Bricks, cement What is the content of this construction?
The three entities evaluated possessed ample physical installations, in structural conditions adequate for the activities proposed. House 1 was characterized by an ample green area, with restricted access to repress the use of drugs by the residents due to the lack of a permanent guard. In all, it possessed 11 rooms and 3 bedrooms, one reserved for use as an infirmary, and 11 residents at the time of data collection. In House 2, the reforms observed were realized at the location to adapt and adequate the installations to the needs of minors. The coordinator denominated the details required for the adequation of the building as "lots of little things"; even so, everything was provided. It possessed bedrooms decorated for boys, girls and babies. House 3 possessed a total of 14 rooms, with three bedrooms. Thus, like House 1, the rooms of House 3 were divided by sex and the third bedroom was reserved for occupation in cases of worsening conditions of health.
All three houses were regulated with the municipal inspection organs, but reported that the internal regimen was in the elaboration phase; House 2 was already in the final stages of this documentation. The norms of biosafety were all being executed: in the kitchen and laundry, installed in semi-open rooms and in the storage of medications.
The construction of private space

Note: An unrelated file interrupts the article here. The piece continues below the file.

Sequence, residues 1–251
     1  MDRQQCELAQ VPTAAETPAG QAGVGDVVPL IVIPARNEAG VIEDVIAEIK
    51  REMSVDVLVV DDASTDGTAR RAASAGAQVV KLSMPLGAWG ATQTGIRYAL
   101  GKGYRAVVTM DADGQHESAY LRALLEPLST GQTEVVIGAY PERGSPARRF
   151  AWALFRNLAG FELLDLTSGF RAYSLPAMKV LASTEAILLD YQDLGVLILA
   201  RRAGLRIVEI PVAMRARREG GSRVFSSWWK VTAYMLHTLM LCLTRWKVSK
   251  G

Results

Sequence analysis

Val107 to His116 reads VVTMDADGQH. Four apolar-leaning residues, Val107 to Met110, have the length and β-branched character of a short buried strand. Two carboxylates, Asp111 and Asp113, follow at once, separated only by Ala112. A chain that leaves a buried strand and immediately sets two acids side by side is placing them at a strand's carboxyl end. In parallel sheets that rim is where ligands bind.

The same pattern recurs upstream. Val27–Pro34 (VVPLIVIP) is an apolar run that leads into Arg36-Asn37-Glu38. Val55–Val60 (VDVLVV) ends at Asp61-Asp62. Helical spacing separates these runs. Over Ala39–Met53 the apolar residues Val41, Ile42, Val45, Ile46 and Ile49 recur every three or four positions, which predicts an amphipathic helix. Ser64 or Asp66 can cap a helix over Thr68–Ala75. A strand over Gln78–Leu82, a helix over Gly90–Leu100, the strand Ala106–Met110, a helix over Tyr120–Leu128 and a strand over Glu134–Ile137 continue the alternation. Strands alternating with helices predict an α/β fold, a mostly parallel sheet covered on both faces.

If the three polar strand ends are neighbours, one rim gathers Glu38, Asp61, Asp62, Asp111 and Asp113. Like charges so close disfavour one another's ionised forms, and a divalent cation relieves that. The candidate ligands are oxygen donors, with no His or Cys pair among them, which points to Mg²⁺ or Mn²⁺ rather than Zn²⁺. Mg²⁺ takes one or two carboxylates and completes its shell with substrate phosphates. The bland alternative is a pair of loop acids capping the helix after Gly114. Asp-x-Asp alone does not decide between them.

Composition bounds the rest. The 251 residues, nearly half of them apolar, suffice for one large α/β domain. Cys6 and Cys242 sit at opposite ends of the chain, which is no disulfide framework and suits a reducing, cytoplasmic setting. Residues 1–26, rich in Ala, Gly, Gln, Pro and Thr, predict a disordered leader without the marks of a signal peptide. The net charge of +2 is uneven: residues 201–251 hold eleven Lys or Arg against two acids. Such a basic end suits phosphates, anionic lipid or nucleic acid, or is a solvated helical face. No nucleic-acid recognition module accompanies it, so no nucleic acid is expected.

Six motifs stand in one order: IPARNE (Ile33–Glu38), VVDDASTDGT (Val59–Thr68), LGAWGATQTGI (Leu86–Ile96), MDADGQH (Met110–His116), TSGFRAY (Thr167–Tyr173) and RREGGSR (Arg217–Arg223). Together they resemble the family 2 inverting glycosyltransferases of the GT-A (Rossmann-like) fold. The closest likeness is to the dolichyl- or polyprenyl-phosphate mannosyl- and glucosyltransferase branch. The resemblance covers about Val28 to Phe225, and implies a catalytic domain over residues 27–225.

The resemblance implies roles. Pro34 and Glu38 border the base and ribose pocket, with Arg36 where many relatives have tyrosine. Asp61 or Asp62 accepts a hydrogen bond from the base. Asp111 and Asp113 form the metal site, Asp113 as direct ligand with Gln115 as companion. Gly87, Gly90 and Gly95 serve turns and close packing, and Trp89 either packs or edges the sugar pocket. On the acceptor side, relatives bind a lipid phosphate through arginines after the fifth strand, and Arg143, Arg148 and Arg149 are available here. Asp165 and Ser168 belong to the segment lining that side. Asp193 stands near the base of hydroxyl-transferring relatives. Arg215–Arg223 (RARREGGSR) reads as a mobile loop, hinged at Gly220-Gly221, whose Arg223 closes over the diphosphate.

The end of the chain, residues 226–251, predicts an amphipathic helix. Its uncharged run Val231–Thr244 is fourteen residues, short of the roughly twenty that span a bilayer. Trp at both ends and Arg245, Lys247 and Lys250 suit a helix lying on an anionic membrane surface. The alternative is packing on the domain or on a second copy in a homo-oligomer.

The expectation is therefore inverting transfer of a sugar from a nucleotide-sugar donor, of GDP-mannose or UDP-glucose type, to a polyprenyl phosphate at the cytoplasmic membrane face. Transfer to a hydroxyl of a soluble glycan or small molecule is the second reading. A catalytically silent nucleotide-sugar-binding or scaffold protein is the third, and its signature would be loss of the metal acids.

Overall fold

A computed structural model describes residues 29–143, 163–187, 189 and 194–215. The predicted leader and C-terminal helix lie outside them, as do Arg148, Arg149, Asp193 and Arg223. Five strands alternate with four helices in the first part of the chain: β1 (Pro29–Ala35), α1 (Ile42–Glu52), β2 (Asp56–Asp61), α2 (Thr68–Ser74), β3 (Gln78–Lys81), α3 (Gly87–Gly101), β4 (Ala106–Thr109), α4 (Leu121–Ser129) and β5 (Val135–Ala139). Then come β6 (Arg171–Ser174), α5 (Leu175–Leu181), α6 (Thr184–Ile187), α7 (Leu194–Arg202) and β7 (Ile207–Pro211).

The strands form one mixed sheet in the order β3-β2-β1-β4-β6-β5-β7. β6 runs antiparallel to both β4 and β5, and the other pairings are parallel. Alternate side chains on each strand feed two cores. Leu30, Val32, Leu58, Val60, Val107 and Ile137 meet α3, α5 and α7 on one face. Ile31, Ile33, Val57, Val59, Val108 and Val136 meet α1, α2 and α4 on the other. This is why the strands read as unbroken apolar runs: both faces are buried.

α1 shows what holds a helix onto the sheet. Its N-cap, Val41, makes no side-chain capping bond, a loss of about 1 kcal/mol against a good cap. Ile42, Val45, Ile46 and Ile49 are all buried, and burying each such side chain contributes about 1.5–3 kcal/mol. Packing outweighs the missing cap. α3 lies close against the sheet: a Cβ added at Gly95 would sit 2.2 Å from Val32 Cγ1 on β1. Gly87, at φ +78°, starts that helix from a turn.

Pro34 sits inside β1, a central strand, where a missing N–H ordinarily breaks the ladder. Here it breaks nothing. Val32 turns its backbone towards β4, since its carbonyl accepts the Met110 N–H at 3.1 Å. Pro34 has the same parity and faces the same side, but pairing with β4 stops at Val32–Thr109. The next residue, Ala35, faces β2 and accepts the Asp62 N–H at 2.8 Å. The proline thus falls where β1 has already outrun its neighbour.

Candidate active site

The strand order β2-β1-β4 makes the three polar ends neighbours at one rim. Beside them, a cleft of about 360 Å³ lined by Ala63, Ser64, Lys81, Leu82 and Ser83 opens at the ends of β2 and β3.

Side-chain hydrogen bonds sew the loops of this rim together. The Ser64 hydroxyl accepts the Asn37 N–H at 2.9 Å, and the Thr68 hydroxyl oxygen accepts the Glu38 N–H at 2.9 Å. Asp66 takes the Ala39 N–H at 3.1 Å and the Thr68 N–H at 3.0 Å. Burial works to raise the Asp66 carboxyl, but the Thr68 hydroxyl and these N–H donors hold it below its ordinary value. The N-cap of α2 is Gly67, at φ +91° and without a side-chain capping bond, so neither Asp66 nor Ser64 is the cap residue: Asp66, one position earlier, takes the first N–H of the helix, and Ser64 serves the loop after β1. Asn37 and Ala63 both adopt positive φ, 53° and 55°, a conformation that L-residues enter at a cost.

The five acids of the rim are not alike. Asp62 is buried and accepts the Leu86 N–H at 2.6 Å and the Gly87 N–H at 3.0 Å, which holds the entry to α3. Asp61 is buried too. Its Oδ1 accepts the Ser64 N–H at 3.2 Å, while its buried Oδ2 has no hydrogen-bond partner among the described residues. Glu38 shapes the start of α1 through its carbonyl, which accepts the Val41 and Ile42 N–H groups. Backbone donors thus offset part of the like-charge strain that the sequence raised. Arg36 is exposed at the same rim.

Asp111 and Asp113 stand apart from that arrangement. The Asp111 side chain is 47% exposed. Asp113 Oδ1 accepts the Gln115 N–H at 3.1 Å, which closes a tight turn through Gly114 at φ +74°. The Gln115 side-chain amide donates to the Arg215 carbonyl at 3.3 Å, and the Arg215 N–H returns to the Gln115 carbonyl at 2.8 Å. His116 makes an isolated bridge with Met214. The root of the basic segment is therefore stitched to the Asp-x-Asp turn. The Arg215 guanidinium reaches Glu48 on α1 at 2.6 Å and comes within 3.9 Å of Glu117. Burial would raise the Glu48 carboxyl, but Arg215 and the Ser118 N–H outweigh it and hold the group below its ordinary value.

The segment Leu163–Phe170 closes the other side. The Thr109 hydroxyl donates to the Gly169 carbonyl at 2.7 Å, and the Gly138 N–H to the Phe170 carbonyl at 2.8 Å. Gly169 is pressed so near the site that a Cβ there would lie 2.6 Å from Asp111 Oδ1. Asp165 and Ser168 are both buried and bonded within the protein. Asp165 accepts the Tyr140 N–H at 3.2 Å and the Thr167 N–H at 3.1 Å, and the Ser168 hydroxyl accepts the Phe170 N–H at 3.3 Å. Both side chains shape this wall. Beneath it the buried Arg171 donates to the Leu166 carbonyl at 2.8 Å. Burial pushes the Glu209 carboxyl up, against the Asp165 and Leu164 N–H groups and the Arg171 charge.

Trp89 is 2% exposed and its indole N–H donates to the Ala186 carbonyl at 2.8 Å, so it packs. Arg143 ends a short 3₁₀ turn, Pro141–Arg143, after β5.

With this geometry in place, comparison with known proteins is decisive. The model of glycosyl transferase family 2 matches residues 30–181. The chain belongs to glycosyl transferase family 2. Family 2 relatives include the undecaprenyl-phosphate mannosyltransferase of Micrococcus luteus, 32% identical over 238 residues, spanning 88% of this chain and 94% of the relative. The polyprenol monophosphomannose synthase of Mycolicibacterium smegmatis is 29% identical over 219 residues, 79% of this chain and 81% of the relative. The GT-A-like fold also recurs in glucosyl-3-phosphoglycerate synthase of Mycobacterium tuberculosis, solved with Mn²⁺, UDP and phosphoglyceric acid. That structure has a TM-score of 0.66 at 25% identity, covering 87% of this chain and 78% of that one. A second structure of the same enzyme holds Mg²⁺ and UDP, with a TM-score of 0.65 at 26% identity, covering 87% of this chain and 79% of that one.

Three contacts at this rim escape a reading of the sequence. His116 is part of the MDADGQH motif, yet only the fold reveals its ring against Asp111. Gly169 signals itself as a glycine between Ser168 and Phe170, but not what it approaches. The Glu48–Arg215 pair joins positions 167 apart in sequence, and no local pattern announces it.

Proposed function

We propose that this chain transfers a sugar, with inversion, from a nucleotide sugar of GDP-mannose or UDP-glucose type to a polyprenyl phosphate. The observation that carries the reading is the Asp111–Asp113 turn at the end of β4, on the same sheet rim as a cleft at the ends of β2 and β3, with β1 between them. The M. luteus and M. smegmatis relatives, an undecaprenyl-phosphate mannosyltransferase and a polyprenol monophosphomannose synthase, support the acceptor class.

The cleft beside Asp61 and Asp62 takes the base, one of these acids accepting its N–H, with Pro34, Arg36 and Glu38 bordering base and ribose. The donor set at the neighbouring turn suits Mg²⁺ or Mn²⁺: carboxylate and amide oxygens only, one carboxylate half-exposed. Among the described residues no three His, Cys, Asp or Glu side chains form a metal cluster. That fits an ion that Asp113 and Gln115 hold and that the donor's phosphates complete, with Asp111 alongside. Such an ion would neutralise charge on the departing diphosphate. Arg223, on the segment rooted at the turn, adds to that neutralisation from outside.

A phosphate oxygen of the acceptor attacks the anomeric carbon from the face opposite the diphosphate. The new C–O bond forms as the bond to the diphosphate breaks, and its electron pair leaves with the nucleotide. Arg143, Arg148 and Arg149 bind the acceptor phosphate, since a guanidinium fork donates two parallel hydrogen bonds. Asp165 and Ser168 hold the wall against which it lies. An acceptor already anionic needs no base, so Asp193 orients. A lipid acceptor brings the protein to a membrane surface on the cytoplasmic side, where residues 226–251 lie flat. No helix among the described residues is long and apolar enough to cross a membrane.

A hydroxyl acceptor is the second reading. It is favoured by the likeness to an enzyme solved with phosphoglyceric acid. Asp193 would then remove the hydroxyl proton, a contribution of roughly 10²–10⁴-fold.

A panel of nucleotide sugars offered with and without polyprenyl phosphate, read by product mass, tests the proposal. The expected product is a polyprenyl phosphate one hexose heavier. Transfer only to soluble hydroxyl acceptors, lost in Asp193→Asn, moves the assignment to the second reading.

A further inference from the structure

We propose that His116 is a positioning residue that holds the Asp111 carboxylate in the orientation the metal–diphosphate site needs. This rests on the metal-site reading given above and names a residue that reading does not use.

The daily activities in these houses were predominantly directed toward health care, including the realization of consultations, exams or routine follow-up. Observation showed that one of the attributions of the coordinators was the organization of leaving times and the destinations (relate to the activities cited) for all the residents. They maintained a mural with an actualized schedule of these activities, accessible to everyone, an agenda under the responsibility of the coordinators. All three houses had their own vehicle for transport to and from health services.
Cleaning was provided with regularity, to maintain the environment hygienic. This could be performed by staff or residents in good health, or even by the coordinators, when necessary. According to the coordinator of the juvenile shelter, the children collaborated with the organization of their rooms and the "toys library" and developed several smaller activities, feeling valued with this type of responsibility. In House 1, however, some difficulty was encountered with the adhesion of the adults, their residents, in the performance of daily tasks, according to its coordinator.
In both adult houses, the cleaning activities performed by the residents were accompanied, which created a climate of intense mobilization and involvement of the majority. These moments, even without the participation of everyone by free and spontaneous choice and despite the absence of planned alternative activities, proportioned certain spontaneity in the performance of daily routines, disregarded by the common objective of the recovery of health.